Here we get a chance to look at the polish of Golson, and his ability to affect an offense with his legs. He scanned from “Regular” to “Lucy” going through his primary and secondary reads.

He showed excellent pocket awareness — when the right side of the pocket was breached — by stepping up and manufacturing yardage.

Golson is a pocket-passer by DNA; he will always look to throw first before he detaches from the pocket.


Here’s an example of his ability to work the mid-range game from the pocket; he put a throw over the underneath coverage on an out-route while standing tall in collapsing surroundings.

Golson throws a very catchable ball and gives taller targets a chance to make plays by throwing it higher than most. He’d have fun throwing to a target like UGA’s future star tight end Jeb Blazevich, all 6’5″, 248 pounds of him.

Additionally, Golson’s arm strength would be on full display with the vertical concepts of Schott’s scheme — specifically when targeting senior speedster Malcolm Mitchell and his sophomore predecessor Isaiah McKenzie.


Case in point: Look at the placement of this ball on this “Bang 8.”

Golson played is a scheme that’s predicated on accuracy in the quick game, he’s shown some serious skill in the mid-range game and he throws an excellent deep ball. The fact that he will finally play two seasons in a row needs to not be glossed over, either.

A creative coach like Schottenheimer would salivate at the thought at acquiring a signal-caller with this type of skill set.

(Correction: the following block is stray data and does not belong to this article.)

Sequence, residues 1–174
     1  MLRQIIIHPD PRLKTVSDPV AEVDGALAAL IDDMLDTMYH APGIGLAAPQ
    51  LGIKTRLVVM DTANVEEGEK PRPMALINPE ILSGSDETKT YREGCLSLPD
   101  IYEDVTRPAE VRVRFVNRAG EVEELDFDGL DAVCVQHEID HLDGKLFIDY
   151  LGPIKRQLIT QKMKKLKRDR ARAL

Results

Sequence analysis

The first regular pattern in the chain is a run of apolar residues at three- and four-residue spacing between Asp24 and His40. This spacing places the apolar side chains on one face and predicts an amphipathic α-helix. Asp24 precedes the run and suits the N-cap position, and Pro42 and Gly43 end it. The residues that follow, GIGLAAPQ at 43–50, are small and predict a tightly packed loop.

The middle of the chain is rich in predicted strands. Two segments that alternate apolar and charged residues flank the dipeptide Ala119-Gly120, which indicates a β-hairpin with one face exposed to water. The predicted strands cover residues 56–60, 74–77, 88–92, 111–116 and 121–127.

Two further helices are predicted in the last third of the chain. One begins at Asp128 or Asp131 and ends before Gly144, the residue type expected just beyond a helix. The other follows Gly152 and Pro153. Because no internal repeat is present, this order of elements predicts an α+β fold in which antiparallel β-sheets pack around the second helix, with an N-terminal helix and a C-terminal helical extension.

And, most importantly, it would go a long way to erasing a certain stigma that’s been associated with the UGA program here in Atlanta’s urban culture.

Richt An Equal Opportunity Employer? 

It’s always tough to deal with racial issues in regard to sports, but you’d be ignorant as all get out to say it doesn’t exist.

With that being said, there’ a common theme among  a portion of the African-American community which believes the Georgia Bulldogs don’t like QBs of color. As an African-American sports writer from the best city in the world, Atlanta, I’ve been privileged enough to get accounts of sports topics not commonly associated with the mainstream view.

And I’d be lying if I say I haven’t had that sentiment expressed to me hundreds of times by hundreds of people.

Of course I roll my eyes at it as I believe the best player should always play, regardless of skin tone.  Additionally, I roll my eyes at the thought of UGA’s head man Mark Richt somehow being prejudiced.

I first came to know about Richt when he helped guide former Heisman Trophy winner, and African-American QB, Charlie Ward as the OC for the Florida State Seminoles.

Even to this day he finds ways to reference his time with Ward as some of the best days of his life. But most will mention only the presence of D.J. Shockley, for all of one season, as the lone QB of color in Richt’s 14 seasons in Athens.

But if anyone believed Shockley gave Georgia a better chance to win over long-time starter David Greene they certainly had an undertone to their beliefs, as well.

And who can argue that there were better options than Matthew Stafford and, perhaps, the greatest QB in the program’s history, Aaron Murray?  I do know that Richt really wanted to procure Clemson future star Deshaun Watson, from Gainesville, Ga., before he decided to go elsewhere.

I do understand why a state with a high-percentage of affluent African Americans would want someone of their own to hold such a distinguished position, but I believe we are reading too much into it.

There will one day be a black superstar QB in Athens as a long-time starter, but we’ll have to settle for just being one of the best teams in all of college football for the time being.

However, we can get a preview if Golson were to somehow find his way on the team; and I, for one, hope it happens.

But those prospects will still have to wait after Mr. Eason settles in Between the Hedges.